Ray Kisonas’s Sunday article, “Doors will be open and phone calls will be easier,” raises concerns that readers have called about. I have consistently called about diminished local news coverage and concerns about the loss of police news.
These issues have only grown as on many social media platforms. Worries about crime and traffic lawlessness has hit a fevered level in many communities. Frustration builds from a lack of information released about recent crimes that are rumored on social media. Crime outbreaks have spawned calls for increased policing and the formation of block watches in communities like Whiteford Township.
Facebook sites spew hate and rumors from lack of information. Add posters, out of frustration, call for vigilante justice. Lack of funding for increased policing leaves communities without protection.
In a wild west, the mentality of “you’re on your own” takes hold. Area urban sprawl by over-development continues unabated without addressing the true costs to communities.
Rural communities continue to be underserved by news outlets with very few following all township meetings, which raises concerns about corrupting influences well below the public radar. It’s become so bad that some townships don’t feel the need to post monthly meeting minutes. I’ve reminded several townships about detailed posting monthly minutes as required by the Open Meetings Act.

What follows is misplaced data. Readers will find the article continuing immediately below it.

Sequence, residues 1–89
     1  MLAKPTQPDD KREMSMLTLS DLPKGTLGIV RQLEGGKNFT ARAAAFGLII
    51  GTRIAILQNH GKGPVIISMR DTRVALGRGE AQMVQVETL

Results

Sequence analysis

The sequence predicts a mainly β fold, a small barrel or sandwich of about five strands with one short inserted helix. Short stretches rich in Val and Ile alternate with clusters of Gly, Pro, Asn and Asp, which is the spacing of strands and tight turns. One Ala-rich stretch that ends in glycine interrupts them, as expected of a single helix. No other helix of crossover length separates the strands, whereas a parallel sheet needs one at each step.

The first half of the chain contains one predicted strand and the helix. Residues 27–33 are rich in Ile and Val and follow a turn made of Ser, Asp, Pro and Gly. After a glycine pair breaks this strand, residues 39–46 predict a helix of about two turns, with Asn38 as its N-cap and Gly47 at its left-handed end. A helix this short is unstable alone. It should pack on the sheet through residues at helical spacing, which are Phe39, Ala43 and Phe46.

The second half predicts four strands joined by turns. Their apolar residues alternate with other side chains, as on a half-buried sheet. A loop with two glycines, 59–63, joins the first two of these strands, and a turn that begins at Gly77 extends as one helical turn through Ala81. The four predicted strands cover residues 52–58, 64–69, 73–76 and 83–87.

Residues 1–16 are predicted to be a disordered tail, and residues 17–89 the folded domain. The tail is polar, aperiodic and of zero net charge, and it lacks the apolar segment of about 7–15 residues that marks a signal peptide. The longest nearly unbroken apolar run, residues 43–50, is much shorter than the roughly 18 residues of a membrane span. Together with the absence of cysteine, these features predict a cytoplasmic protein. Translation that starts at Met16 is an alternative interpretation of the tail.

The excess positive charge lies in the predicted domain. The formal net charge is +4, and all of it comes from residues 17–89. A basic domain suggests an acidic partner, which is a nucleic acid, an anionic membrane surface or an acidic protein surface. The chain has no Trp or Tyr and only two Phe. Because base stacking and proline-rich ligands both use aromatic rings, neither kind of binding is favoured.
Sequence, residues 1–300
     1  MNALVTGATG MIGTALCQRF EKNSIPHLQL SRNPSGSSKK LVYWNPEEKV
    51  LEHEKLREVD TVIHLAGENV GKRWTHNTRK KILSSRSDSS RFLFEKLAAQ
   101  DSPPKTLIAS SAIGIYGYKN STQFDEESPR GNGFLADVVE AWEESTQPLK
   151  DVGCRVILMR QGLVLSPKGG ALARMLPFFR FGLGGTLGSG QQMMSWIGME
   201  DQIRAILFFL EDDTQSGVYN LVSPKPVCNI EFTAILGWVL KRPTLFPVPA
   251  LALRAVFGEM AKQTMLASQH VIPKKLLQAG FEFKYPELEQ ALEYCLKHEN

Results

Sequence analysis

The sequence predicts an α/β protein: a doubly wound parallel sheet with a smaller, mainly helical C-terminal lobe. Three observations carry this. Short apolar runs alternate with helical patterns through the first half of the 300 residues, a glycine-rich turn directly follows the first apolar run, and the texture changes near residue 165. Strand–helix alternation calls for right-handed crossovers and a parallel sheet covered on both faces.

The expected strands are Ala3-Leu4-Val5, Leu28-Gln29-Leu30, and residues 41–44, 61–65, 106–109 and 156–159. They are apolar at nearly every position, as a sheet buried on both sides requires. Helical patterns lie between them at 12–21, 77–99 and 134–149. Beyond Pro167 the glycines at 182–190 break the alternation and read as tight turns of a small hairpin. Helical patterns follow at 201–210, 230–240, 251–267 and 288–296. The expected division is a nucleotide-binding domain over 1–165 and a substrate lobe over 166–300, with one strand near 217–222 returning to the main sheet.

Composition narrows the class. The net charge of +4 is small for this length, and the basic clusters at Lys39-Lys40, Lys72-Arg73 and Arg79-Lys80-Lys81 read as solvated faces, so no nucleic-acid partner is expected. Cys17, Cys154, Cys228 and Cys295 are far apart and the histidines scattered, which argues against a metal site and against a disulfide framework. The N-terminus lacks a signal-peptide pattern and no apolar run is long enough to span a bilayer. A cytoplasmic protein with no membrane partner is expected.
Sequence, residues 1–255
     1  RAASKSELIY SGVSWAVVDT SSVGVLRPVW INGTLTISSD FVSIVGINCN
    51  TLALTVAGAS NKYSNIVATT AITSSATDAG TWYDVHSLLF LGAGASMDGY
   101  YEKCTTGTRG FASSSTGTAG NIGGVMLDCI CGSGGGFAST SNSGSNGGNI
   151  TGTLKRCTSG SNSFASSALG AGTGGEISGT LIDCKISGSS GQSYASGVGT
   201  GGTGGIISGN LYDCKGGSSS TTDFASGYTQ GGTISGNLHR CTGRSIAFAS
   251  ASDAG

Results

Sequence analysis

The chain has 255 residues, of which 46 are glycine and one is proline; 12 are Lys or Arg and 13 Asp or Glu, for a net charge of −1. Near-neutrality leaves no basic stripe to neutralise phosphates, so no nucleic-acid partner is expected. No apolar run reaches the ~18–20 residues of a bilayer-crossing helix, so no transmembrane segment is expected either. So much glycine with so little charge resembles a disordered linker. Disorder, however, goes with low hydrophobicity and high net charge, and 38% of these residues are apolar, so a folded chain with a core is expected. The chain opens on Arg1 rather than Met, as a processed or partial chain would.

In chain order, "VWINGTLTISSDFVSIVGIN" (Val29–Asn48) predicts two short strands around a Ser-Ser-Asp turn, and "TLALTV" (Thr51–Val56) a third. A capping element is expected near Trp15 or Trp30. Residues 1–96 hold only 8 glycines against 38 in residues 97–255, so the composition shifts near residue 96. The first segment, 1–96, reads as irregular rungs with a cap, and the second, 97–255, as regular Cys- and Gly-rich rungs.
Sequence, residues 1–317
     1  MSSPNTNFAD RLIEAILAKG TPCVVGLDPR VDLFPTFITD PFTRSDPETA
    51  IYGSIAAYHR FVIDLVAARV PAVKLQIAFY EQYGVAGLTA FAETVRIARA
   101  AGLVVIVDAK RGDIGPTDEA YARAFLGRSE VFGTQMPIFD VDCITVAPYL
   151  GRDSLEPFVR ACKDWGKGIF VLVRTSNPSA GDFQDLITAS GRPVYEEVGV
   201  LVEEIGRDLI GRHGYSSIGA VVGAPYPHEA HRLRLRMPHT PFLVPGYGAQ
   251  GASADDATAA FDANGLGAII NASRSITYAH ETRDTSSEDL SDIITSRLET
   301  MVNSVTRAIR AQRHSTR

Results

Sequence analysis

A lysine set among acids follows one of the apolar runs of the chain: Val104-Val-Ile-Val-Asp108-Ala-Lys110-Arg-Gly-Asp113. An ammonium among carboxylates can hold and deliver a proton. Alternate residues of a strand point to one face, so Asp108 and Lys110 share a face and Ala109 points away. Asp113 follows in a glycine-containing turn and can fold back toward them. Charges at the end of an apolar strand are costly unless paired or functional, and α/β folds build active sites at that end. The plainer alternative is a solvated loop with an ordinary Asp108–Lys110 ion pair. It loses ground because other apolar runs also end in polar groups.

So when the editor says they follow these townships I have to wonder how that is done? I’ve been contacted anonymously about nefarious behavior going on in several townships, but not knowing all the facts makes me wonder. I even wonder if the newspaper has been alerted to these.
The loss of local readership is a huge factor in contributing to an ignorant populous. I’ve found Facebook to be the biggest contributor to this ignorance. Most sites have a political bias and will not allow a civil discussion from differing angles. If it does happen, it soon breaks down from unmanaged bots and trolls poisoning the thread.
Many posters are woefully uninformed about state and local politics. Administrators of these sites do not appear trained at all in managing these social media sites often contributing to the problem. So a perfect storm builds on grievance and anger without facts.
If I could wave a magic wand and force people to support local newspapers I would. I would convince our politicians to see the need to protect them from corporate buyouts for profit.
Newspapers should be a protected class in a specially functioning government. It saddens me to see people get their news from advertising social media sites while not seeing newspapers as the true defenders of our democratic way of life.
Paul Wohlfarth lives in Riga Township and is retired from Chrysler Motors. He can be reached at email@example.com.